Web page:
Burden on the authority "The effort required to meet the request will be so grossly oppressive in terms of the strain on time and resources, that the authority cannot reasonably be expected to comply, no matter how legitimate the subject matter or valid the intentions of the requester."
Personal grudges "For whatever reason, the requester is targeting their correspondence towards a particular employee or office holder against whom they have some personal enmity."
Unreasonable persistence
Unfounded accusations
Intransigence
Frequent or overlapping requests
Deliberate intention to cause annoyance
Scattergun approach
Disproportionate effort
No obvious intent to obtain information "The requester is abusing their rights of access to information by using the legislation as a means to vent their anger at a particular decision, or to harass and annoy the authority, for example, by requesting information which the authority knows them to possess already."
Futile requests
Frivolous requests
My request transparently has none of the above indicators. I requested the information because I want the information and because I want the information to be in the public domain, including being available to the original requester. The request is entirely reasonable and transparently not vexatious. It has a serious purpose and is quite clearly not motivated by any desire to create disruption or annoyance.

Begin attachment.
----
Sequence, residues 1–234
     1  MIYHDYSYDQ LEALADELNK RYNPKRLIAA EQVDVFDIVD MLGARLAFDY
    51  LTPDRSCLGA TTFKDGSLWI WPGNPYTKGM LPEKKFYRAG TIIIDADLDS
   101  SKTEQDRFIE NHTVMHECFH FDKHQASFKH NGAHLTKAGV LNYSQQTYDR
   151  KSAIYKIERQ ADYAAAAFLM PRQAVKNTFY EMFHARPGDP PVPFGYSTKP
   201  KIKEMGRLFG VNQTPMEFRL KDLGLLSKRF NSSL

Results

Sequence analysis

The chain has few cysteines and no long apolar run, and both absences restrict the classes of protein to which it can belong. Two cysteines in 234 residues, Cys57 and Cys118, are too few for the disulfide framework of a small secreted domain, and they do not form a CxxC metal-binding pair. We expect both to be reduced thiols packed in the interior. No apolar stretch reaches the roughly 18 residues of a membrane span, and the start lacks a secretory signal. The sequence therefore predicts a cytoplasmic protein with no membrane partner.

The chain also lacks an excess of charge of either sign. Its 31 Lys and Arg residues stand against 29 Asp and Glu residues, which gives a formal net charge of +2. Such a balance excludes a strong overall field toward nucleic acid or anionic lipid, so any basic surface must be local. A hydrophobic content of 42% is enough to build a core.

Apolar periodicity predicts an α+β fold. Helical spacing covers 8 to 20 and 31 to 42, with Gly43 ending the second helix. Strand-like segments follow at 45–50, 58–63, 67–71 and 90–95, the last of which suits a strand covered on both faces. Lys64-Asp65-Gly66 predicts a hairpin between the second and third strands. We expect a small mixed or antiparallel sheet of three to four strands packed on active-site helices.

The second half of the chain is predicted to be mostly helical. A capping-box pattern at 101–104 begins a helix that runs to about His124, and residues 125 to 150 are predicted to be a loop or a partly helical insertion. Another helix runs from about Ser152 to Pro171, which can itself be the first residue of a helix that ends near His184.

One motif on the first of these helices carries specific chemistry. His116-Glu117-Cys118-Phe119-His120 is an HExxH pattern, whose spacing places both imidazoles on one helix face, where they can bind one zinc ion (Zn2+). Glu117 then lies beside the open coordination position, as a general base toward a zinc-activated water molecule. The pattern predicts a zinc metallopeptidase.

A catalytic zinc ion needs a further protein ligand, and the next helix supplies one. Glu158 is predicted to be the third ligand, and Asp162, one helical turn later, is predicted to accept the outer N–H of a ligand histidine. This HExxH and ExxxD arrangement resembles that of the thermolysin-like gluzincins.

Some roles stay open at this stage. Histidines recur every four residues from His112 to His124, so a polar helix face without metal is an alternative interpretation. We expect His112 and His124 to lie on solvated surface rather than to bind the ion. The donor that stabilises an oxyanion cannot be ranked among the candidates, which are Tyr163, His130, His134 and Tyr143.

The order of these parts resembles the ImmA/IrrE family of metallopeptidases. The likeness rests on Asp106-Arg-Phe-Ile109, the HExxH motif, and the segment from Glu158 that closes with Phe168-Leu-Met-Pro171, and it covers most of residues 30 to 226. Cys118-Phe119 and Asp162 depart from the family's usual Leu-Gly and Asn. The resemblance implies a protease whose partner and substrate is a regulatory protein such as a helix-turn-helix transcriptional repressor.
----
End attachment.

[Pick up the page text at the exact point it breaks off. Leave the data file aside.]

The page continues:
"Some practical examples of scenarios where the value of a request might be limited are where the requester;
Submits a request for information that has no obvious relevance to their stated aims.
Argues points rather than asking for new information.
Raises repeat issues which have already been fully considered by the authority.
Refuses an offer to refer the matter for independent investigation, or ignores the findings of an independent investigation.
Continues to challenge the authority for alleged wrongdoing without any cogent basis for doing so.
Is pursuing a relatively trivial or highly personalised matter of little if any benefit to the wider public"
None of these apply.
"The ICO considers it good practice to include the reasoning for the decision in the refusal notice"
They didn't.

I should be grateful if you could please conduct a S50 review.

Thank you

Doug Paulley